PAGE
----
Nearly four in 10 workers (38 per cent) said they would not tell their manager if they had a mental health problem, according to a survey by the Centre for Addiction and Mental Health (CAMH) in Toronto.
“They’re afraid for their careers, they’re afraid they’re going to lose friends, and then there’s a large proportion that think it’s going away so they can handle it and they don’t need help,” said Carolyn Dewa, head of CAMH’s Centre for Research on Employment and Workplace Health.
“There was a proportion who said they wouldn’t tell because other people had had bad experiences so part of it is their organizational context.”
For those who would reveal they had a problem, a positive relationship with their manager was the key reason, found the survey of 2,219 working adults in Ontario.
“It’s more than just when things are bad because you have a health problem, I think it’s the everyday management relationship, and then its relationships with co-workers. So it’s how the team has been built and is managed as well that affects it,” said Dewa.
“It’s a very social thing, work is, so (it’s about) the manager being able to manage co-workers and their expectations and helping them understand, ‘No, we’re not playing favourites, we’re being supportive because at some point, everybody is going to need support — maybe not for the same reason, but they’ll need support.’”
Adrian Wall has always tried to have an open-door policy when it comes to employees with mental health issues. An Aboriginal Affairs advisor at Fisheries and Oceans Canada in Kamloops, B.C., he feels it’s critical for employers and employees to have open discussions about problems at work or outside of work.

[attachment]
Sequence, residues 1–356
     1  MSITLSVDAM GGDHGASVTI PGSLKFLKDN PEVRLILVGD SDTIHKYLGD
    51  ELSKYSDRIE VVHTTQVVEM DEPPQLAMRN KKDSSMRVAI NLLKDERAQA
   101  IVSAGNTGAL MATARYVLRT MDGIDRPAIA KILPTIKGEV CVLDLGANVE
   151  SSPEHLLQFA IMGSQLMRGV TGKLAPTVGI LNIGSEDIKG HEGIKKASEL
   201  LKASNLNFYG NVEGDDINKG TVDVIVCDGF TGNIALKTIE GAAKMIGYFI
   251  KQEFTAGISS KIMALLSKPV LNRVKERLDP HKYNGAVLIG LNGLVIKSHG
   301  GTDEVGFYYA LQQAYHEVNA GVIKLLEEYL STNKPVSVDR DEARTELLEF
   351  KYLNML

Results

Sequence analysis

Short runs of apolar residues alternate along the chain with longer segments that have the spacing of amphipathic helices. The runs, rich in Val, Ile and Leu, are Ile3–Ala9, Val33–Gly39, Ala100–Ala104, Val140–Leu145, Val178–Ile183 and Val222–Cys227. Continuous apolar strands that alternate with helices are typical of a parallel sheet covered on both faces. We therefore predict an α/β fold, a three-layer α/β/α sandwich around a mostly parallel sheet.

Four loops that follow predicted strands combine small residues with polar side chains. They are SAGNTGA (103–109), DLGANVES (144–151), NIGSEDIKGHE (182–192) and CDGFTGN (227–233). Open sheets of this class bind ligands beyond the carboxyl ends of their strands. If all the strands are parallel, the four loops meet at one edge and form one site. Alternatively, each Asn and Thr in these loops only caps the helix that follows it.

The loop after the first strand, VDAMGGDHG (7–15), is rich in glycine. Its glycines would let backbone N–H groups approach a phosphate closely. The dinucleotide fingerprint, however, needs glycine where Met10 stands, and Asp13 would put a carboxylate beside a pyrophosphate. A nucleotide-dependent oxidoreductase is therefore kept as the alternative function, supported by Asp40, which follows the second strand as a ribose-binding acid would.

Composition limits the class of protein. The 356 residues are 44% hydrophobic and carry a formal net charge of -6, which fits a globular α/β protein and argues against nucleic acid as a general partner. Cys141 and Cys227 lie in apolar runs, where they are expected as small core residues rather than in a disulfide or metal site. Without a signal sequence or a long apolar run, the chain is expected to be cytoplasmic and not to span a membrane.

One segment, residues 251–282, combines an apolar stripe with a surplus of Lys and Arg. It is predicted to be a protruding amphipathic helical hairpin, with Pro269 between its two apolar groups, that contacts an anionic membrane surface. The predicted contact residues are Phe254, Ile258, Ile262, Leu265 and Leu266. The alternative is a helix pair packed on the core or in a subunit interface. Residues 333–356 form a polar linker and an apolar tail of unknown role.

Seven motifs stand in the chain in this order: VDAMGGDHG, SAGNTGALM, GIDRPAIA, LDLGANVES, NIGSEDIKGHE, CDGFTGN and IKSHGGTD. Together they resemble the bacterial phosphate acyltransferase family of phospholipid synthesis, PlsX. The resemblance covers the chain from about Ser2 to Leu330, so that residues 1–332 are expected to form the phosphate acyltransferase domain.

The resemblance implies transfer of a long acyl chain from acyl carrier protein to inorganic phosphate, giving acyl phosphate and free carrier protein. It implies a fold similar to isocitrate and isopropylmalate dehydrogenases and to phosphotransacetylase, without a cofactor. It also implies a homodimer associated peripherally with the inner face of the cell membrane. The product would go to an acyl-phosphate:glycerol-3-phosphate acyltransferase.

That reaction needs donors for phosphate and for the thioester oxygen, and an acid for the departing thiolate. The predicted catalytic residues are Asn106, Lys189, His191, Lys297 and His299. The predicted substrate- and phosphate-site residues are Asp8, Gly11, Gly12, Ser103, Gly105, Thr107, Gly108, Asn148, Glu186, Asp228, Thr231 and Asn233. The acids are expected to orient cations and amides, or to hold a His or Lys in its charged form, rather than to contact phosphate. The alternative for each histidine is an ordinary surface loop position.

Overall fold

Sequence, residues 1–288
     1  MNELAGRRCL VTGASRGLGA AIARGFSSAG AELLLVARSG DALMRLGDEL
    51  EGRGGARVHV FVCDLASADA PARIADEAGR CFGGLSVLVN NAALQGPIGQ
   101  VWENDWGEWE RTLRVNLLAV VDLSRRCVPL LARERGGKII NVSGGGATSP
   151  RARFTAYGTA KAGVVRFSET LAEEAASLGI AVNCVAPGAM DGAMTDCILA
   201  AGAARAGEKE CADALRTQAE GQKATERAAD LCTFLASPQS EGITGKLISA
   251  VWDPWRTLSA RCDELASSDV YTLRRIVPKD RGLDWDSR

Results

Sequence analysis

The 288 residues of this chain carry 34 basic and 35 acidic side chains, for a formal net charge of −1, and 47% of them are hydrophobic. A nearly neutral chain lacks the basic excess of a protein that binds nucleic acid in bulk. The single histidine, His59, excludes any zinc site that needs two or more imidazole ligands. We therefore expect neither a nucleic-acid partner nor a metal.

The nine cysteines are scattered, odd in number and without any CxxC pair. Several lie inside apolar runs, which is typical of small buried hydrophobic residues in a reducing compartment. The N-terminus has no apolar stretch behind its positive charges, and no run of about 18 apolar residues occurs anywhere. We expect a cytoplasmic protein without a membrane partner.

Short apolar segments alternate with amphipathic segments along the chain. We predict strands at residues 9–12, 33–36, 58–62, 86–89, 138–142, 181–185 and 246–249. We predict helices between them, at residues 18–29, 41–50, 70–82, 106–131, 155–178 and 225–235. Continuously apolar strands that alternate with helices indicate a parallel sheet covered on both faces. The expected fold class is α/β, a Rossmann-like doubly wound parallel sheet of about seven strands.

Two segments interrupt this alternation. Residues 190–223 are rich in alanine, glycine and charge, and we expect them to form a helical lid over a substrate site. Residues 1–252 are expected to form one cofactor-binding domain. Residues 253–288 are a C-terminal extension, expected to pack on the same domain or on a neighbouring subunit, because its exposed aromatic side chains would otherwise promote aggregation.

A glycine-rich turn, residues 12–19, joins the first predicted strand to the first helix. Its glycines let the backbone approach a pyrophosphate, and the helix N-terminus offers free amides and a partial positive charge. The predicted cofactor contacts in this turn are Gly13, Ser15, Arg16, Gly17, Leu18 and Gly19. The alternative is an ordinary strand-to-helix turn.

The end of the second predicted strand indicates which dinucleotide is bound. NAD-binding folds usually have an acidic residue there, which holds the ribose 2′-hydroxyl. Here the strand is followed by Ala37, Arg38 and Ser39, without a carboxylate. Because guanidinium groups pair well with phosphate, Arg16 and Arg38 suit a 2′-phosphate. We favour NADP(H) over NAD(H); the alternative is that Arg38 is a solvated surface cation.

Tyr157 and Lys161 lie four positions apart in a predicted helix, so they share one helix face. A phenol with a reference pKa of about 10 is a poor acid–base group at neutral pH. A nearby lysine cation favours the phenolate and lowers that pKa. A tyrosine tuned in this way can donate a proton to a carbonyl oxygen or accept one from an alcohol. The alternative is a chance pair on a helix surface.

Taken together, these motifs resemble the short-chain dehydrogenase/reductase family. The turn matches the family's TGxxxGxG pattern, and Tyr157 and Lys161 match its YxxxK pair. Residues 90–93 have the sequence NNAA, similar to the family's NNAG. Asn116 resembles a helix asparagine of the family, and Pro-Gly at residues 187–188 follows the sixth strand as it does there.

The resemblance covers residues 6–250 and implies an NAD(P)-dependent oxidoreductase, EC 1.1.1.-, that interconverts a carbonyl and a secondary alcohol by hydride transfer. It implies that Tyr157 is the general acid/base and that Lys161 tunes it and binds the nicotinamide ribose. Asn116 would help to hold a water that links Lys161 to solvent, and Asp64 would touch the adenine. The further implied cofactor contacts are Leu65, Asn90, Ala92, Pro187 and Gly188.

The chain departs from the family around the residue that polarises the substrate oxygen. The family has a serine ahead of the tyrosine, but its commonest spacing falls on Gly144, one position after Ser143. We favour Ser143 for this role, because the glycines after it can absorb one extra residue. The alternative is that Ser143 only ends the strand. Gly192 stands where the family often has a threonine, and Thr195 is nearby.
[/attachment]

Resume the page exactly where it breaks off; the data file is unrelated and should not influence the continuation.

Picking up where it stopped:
“I try to follow through with some good, positive actions to basically put some emphasis behind those requests (so) they’re not just a discussion, and then also encourage others to have those discussions amongst themselves and take that practice broader than just my area of influence.”
Supportive organizational policies were another factor influencing employees’ decision to come forward.
“There’s policies and procedures, so understanding what the company is saying and the company’s policies and philosophy is important as well,” said Dewa.
Employees may also be concerned about revealing their problems because of the perceptions of co-workers. Almost two-thirds (64 per cent) of the CAMH respondents said they’d be concerned if a worker had a mental illness and more than four in 10 indicated concerns about both reliability and safety.
“Part of that is (ignorance) and part of it is when you look at the media, the stories that do come up about mental illness are scary, and those are the rare events,” said Dewa.
Mental illness is a major workplace issue that shouldn’t be ignored, according to a survey by Morneau Shepell that found one-third of Canadian employees are suffering or have suffered from a mental health condition such as depression or anxiety disorders.
“Some symptoms of mental health conditions actually mimic and co-exist with physical health, so I think in the past we’ve really sort of under-recognized the impact on the population in general and the prevalence in the workplace,” said Paula Allen, vice-president of research and integrative solutions at Morneau Shepell in Toronto.
A further 27 per cent of employees said they are experiencing significant symptoms of stress, found the survey of 1,005 employees, 117 physicians and 100 employers. And that stress has an impact: Almost one-half (45 per cent) of employees said they have thought about leaving their job because of stress, while 31 per cent have taken time off work and one-quarter have become ill in the last six months.
Stress is one of the leading issues around mental health in the workplace, said Wall.
“I notice a lot more challenges that people have at home, trying to balance the financial end of people’s own lives — paying for mortgages, daycare is huge now — so those are things that I didn’t see 20 years ago. I didn’t see the same level as I do today.
“So I notice that employees are having to come to terms with how to address so many stressors outside the work environment, initially, and that’s not even addressing what happens within the workplace.”